(Anil Dash successfully signaled his demographic when he tweeted to Timberlake, “As a fan: all you have to do is listen. Don’t get defensive. Just listen. Hear what folks are saying.” Notice his use of the word “folks.” Using “folks” in this way has become a shibboleth of that demographic that includes “Black Twitter” — a fairly recent event, as the word used to signal “salt of the earth red tribe,” and eight years ago Daily Kos was lamenting its use as a legacy of the second Bush administration. “Shut up and listen” has become a cliche, as well, (Dash is more civil about it) that signals one demographic as much as “all lives matter” signals a different one; neither is designed to be persuasive, of course; both are designed to signal.)
The end result, intentional or not, is that we cannot have a conversation about several of the fundamental problems in America today. We are stuck having a conversation about who gets to have the conversation. We would rather engage in a series of power plays designed to “go team!” boost our demographic or score personal self-righteous points by harming anyone different from us than…well, than anything else at all, actually.
Race in America, let alone all the other kyriarchal structures, is very complicated, and I’m pretty pessimistic about our achieving anything when our actual goals are just bids for power.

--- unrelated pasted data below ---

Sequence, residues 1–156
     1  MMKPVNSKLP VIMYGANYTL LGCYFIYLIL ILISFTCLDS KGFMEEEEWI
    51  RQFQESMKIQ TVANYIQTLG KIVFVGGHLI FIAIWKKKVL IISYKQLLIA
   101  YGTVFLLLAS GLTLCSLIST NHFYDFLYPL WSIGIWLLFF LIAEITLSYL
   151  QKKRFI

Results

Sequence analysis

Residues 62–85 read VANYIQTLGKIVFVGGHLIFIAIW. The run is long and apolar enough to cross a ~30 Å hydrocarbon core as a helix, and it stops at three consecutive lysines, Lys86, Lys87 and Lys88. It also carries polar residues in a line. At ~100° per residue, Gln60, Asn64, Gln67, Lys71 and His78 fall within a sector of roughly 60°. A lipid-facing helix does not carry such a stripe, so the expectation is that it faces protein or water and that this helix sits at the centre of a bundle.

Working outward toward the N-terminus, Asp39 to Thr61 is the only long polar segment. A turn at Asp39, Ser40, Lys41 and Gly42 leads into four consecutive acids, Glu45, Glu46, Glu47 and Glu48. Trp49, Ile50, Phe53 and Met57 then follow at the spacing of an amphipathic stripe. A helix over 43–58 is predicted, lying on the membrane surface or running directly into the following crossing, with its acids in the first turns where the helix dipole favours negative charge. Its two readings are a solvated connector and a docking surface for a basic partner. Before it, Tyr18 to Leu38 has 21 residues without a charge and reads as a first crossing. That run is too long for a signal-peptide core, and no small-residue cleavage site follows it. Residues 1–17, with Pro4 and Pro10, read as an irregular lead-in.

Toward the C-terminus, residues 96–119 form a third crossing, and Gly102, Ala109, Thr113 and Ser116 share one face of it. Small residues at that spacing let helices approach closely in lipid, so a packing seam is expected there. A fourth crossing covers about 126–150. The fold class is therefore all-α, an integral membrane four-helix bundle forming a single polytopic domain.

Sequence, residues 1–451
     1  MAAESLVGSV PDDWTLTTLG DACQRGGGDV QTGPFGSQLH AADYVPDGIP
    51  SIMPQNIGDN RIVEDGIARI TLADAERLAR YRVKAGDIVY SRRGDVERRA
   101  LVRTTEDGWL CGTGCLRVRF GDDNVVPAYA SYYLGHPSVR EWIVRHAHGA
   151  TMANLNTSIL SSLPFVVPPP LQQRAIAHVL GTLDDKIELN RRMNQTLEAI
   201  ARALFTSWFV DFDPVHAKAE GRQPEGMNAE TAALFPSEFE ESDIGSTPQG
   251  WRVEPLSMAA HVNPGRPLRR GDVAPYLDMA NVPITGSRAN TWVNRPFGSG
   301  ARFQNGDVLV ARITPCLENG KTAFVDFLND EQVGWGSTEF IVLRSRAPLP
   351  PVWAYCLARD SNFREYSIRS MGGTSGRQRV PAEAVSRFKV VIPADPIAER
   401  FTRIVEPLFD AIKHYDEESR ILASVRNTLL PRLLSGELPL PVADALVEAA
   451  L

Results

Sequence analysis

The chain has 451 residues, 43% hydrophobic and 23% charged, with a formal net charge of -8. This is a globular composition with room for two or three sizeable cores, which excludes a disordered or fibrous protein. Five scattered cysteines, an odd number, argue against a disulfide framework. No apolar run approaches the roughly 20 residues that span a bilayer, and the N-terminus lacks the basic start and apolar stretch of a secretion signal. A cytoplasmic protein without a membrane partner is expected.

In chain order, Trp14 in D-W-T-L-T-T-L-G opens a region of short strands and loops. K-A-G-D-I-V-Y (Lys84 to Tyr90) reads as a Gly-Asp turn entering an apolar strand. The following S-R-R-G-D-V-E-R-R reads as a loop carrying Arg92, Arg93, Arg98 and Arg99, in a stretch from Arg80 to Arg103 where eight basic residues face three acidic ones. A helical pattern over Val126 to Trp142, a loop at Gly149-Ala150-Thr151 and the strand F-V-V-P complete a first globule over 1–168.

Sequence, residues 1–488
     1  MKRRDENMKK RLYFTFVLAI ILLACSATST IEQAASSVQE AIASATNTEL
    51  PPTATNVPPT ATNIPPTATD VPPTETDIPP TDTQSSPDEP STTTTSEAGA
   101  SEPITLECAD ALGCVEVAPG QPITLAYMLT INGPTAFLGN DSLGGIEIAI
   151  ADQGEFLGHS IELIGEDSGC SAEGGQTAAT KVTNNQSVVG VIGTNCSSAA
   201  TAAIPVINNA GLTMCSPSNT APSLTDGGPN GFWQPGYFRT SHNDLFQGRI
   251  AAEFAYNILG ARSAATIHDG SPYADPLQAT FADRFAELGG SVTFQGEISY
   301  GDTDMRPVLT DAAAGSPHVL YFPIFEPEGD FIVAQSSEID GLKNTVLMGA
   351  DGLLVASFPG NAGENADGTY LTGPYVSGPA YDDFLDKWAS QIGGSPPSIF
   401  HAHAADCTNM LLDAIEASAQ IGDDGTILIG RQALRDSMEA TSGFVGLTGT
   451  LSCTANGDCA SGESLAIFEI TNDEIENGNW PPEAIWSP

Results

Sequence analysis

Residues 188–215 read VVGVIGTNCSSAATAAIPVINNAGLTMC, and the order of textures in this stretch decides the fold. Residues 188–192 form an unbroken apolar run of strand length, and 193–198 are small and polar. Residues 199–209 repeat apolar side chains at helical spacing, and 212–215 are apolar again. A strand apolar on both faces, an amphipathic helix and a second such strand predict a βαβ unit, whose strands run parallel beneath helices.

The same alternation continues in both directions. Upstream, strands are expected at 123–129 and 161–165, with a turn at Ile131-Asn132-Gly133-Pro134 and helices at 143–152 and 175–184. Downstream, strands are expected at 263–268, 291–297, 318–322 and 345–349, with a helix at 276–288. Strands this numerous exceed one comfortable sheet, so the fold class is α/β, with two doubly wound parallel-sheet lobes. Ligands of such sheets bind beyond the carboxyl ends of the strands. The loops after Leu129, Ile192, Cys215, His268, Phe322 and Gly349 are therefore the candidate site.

Look, here’s a woman being shamed on the internet today. She called a reporter “the N-word,” and the local news station put it on the air. I don’t pretend to know all the details — nobody does, the narrative has been framed entirely by the people with the cameras — but the woman’s son had just been killed by police, and the reporter was outside her house, perhaps not harassing her “grief-vulture” style. But look at the people involved. What are the social classes of the two participants? They’re signalling them all over the place. One is lower class, and although I assume her son was killed because of his own choices and actions, his social class obviously informed all of that; the other is at least an upper-middle class professional. There are many ways to frame this story and the power dynamics it embodies, but the “reporting” side of the internet can only see the racism of the poor and the aplomb of the rich. Social media has been both more horrified and more self-righteous (than HuffPo, which is saying something). Everyone decided not to consider any complications; everyone decided the story was about race and started signalling the same way they have every other time.
Her son just died! Let’s shame her! Is there another way for our demographic to even look at this story?
And we’ll keep doing the same thing again and again.